FAQ: Creditor Won’t Delete for Payment? What Now?
Delete for Payment
Delete for payment is the single most important weapon in the credit repair arsenal. I have mentioned many times that I strongly advise debtors to insist to creditors that they delete negative entries at the Credit Reporting Agencies in exchange for payment. Start by making a low-ball offer on the balance under condition of delete for payment. Remember that they debt collectors only pay .03-.07 cents on the dollar for these older accounts. Don’t let them tell you they are not allowed to delete for payment the report of the debt. There is nothing in their contract with the Credit Reporting Agencies that forbids the practice of deleting for payment.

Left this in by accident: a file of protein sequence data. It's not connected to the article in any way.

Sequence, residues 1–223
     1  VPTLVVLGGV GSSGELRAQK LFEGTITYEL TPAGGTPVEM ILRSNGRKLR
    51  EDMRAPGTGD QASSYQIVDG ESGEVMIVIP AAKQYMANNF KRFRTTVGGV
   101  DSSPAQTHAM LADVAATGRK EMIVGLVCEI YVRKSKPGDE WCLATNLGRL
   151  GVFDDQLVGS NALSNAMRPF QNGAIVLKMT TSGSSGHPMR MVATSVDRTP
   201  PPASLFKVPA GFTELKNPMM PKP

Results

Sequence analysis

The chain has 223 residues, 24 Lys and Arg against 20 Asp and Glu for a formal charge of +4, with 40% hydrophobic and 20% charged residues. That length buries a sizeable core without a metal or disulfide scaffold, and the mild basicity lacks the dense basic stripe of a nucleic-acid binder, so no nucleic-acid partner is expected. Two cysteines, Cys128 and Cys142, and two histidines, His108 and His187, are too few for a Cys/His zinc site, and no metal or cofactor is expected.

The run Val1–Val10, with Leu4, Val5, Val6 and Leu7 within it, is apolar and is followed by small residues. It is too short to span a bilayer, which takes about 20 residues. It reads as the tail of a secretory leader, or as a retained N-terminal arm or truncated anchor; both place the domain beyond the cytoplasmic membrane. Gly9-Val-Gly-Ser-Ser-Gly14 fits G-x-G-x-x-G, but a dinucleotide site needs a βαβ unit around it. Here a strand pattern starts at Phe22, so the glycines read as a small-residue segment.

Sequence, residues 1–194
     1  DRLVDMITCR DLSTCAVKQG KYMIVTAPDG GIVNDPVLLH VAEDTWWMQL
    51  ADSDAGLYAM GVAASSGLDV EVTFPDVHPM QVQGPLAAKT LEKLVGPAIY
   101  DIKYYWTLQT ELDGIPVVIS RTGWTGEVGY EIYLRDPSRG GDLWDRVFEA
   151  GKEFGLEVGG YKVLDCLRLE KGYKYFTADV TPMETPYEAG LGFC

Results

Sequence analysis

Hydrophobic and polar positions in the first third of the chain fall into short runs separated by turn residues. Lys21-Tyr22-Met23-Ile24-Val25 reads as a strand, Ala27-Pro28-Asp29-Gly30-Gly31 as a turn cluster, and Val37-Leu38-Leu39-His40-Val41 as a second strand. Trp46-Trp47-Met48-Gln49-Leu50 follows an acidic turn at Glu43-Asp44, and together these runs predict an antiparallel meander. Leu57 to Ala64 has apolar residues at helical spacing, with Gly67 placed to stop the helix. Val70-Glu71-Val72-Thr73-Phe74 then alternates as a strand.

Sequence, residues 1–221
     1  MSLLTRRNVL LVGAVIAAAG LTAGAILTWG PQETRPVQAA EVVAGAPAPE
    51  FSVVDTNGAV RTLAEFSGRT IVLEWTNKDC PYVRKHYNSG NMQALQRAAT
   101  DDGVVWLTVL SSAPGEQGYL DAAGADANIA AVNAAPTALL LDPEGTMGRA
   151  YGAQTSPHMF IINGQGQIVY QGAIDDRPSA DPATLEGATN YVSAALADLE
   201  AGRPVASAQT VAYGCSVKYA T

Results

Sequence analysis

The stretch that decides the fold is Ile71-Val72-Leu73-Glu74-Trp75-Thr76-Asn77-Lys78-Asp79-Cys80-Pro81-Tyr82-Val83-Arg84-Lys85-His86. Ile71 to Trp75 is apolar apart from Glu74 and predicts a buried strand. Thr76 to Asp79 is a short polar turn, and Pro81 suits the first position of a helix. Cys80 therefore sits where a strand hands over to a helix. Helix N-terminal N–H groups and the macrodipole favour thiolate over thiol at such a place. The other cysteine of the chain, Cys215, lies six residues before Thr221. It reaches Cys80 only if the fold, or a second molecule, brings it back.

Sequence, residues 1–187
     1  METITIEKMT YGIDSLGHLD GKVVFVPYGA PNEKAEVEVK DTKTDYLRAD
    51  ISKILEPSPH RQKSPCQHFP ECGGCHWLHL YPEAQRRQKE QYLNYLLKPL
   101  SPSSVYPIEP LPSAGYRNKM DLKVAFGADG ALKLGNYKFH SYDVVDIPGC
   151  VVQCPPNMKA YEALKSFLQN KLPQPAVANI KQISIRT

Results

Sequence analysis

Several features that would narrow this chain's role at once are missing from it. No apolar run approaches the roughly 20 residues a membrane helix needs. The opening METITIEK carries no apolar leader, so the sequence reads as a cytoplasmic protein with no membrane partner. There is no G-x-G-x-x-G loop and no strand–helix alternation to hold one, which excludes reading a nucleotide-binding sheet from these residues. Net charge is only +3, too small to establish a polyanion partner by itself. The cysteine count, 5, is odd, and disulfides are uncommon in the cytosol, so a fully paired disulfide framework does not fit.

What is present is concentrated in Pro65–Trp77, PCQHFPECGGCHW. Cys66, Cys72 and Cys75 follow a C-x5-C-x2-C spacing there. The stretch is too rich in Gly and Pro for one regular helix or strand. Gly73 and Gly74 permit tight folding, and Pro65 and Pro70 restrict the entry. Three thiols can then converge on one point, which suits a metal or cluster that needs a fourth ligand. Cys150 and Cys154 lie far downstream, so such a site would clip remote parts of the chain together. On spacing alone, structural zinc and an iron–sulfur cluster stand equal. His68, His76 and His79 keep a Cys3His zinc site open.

There is Nothing in the Law that Forbids Delete for Payment
If they refuse to delete for payment as a matter of policy you can get around it by making deletion part of the final settlement agreement. Try language such as this: “This payment is being made as a settlement of a disputed claim and is not an admission of guilt or liability by the Debtor. Creditor and its agents agree as a condition of payment not to verify the claim when I submit my dispute to the Credit Reporting Agencies.”
This tactic has never failed me when dealing with unreasonable and ill informed debt collectors. If you don’t do this before paying you will never get the collectors to delete for payment. Don’t think that paying an old debt necessarily helps your score. It may hurt your score because the fresh annotation of a paid debt re-ages the entry. Older entries hurt your score less. It’s always sad when a client comes to me who has just paid debts that were about to fall off after the usual 7 years anyway. The only time you should pay old debts without delete for payment agreement is if a bank insists on it in order to grant you a mortgage.